ROCKWALL, Texas -- Rockwall's first hospital is scheduled to begin accepting patients Friday.
"It's really huge," Mayor Bill Cecil said. "We want to have everything we need right here in Rockwall. That's a huge piece of that."
Past attempts to open a hospital in the city failed, but the resources of the Presbyterian Healthcare System, combined with the area's explosive growth, have finally made the full-service $75 million hospital a reality.
Ken Teel, president of the new Presbyterian Hospital of Rockwall, said an estimated 75 percent to 80 percent of local residents travel elsewhere for medical care. Now they'll be able to undergo many tests and procedures in their hometown at a facility with the latest technology.
City leaders expect the hospital to bring an increase in professional and technical workers and visitors from outside communities. Mr. Cecil said that even before its opening, the hospital has provided an economic stimulus for other development.
It's a significant piece of the medical corridor developing along Horizon Road from Ridge Road (FM740) into Heath. Assisted-living and senior facilities, set to begin construction early in the new year, will join medical offices already present and under construction. Mr. Teel said other possibilities along Horizon Road include an Alzheimer's treatment facility or a women's hospital. The Presbyterian Hospital designers took an upscale approach. Soon, a grand piano and a Starbucks will greet visitors at the main entrance.
The nearly 126,000-square-foot facility is also equipped with the latest technology.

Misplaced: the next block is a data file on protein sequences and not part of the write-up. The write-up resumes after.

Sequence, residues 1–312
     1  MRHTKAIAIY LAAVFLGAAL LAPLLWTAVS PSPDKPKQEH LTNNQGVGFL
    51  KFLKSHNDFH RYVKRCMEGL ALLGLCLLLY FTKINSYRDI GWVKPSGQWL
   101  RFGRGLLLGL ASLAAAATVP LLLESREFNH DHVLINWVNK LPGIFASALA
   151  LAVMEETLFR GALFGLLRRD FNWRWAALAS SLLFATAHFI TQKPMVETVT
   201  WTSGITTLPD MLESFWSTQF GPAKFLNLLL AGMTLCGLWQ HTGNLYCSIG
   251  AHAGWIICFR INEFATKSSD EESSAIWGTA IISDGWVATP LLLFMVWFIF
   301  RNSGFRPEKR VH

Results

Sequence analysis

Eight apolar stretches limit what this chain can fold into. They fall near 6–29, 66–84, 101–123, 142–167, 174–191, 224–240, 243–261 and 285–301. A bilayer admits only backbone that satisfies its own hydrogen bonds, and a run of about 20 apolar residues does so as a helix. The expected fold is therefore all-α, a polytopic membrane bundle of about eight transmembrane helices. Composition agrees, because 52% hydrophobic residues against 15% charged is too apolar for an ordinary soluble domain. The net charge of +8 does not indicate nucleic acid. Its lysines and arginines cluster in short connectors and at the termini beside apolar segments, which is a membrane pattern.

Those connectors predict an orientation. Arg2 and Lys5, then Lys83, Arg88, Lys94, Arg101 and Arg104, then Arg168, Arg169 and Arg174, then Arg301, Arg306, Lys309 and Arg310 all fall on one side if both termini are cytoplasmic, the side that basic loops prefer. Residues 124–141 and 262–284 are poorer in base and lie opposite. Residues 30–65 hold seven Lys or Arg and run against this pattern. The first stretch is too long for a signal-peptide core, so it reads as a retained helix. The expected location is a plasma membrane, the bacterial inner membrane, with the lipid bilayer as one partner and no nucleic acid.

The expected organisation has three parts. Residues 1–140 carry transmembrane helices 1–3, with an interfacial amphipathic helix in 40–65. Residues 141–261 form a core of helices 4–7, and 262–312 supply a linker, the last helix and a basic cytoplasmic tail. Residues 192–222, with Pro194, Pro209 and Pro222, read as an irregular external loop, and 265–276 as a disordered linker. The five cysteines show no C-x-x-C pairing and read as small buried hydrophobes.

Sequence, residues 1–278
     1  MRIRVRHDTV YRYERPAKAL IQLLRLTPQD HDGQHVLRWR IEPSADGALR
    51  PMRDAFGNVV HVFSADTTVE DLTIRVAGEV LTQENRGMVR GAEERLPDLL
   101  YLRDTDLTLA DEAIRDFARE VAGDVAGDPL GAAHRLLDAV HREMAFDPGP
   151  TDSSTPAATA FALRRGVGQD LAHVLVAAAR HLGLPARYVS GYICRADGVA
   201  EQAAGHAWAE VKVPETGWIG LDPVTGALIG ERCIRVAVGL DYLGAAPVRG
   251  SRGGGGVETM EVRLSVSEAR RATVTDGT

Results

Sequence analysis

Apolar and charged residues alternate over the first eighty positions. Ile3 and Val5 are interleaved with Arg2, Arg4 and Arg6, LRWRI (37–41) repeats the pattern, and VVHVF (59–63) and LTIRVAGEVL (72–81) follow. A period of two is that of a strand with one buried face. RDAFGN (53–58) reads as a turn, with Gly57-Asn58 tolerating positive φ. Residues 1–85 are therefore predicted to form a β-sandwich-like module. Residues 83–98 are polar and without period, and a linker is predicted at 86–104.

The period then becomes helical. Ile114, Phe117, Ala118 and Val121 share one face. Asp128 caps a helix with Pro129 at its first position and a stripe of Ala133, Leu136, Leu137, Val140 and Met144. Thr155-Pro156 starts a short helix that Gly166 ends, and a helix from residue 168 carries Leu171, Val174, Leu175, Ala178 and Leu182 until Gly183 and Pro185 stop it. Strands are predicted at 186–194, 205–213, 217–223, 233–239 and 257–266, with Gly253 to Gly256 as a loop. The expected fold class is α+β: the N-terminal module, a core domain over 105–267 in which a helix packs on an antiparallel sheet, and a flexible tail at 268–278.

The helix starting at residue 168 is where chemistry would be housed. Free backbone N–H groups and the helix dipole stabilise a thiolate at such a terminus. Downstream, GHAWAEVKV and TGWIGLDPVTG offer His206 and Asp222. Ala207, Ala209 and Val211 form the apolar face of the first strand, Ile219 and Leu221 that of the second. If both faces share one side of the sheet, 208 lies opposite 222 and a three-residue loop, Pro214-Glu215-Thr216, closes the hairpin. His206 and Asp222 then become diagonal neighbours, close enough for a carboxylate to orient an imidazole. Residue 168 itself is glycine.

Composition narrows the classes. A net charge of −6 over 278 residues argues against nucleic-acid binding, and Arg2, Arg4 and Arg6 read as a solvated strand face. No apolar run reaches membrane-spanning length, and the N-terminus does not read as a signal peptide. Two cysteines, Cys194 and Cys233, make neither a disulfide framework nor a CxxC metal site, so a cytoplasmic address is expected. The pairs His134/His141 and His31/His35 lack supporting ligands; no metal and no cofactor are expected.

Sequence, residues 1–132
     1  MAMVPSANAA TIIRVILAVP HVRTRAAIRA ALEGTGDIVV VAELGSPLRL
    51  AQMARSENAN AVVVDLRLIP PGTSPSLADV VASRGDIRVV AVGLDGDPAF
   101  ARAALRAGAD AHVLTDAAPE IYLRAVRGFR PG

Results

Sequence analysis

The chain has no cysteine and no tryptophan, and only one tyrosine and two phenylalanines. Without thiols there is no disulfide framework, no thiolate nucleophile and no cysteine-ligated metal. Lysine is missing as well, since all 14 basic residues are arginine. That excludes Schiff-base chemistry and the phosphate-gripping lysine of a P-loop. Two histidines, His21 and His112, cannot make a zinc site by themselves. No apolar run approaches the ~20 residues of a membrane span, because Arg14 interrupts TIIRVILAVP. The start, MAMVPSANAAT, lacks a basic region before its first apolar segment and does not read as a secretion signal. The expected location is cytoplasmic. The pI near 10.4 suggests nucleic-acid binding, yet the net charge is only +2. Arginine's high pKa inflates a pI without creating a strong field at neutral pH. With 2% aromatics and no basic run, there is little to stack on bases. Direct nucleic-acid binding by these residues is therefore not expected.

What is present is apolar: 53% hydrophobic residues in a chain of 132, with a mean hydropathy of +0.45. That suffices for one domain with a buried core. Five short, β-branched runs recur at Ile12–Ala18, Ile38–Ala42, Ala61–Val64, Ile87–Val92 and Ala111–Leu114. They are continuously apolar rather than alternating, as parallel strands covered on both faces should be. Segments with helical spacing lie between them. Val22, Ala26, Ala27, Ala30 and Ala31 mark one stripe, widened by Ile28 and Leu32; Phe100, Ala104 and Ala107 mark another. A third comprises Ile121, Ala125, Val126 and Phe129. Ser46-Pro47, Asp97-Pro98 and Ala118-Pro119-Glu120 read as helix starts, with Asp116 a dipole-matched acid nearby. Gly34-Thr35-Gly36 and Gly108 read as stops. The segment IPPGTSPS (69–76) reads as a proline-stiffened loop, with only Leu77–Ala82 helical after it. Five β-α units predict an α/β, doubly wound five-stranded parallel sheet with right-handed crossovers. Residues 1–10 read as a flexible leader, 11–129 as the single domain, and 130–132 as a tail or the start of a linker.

For example, the bore of its MRI machine is less bulky, so patients should be less intimidated when getting tested. Older machines seem to swallow a person whole as he or she glides inside. The one at the Rockwall hospital can hold up to 550 pounds, nearly 200 pounds more than older models.
Operating rooms measure 600 square feet, more than 100 square feet larger than some in existing hospitals. Screens surrounding the operating table will enable a surgical team to view results of an MRI or CT scan and see charts at the same time. Conversely, technology will allow a doctor outside the operating room to see what's happening inside and consult with the surgeons.
The labor, delivery and recovery wing, scheduled to open in the spring, will be secured and will employ scanning technology to ensure that each baby is taken to the correct mom.
The staff will be able to send real-time information to the PDA or laptop computer of a doctor dining in Dallas, so he or she can see what's happening to a patient in Rockwall. Labor and delivery and intensive-care doctors miles away will be able to instruct nurses or doctors who are tending to their patients.
Patients will be able to have food delivered to their rooms from the cafeteria. Wireless Internet will be available to visitors throughout the hospital.
But Mr. Teel said it is care, more than technology, that will bring patients back.
More than 3,500 people applied for the first 150 job openings, he said, and that allowed the hiring of staffers who possess not only skills but also compassion.
All employees are expected to look people in the eye and smile, he said.
"We start our reputation the first patient we see, and it gets reshaped based on the last patient we see," Mr. Teel said.
Mr. Teel, Mr. Cecil and Jeff Patterson, Lake Pointe's associate administrator for business development, agreed that the area can support the 50-bed Presbyterian of Rockwall and the 112-bed Lake Pointe.
"As both hospitals grow, we will hopefully give the community a reason to never have to leave," Mr. Patterson said.
Presbyterian of Rockwall was designed to grow vertically and horizontally. Within a few years, the hospital will nearly double in square footage and bring the total number of beds to 153, Mr. Cecil said.
With 1,200 employees by then, he said, the hospital will be one of Rockwall's largest employers.
Mr. Cecil said the new hospital, as well as Lake Pointe and Baylor Medical Plaza in Heath, would attract people from East Texas who previously had to go to Dallas for care.
"From a countywide standpoint," he said, "we're going to be the medical destination east of Lake Ray Hubbard."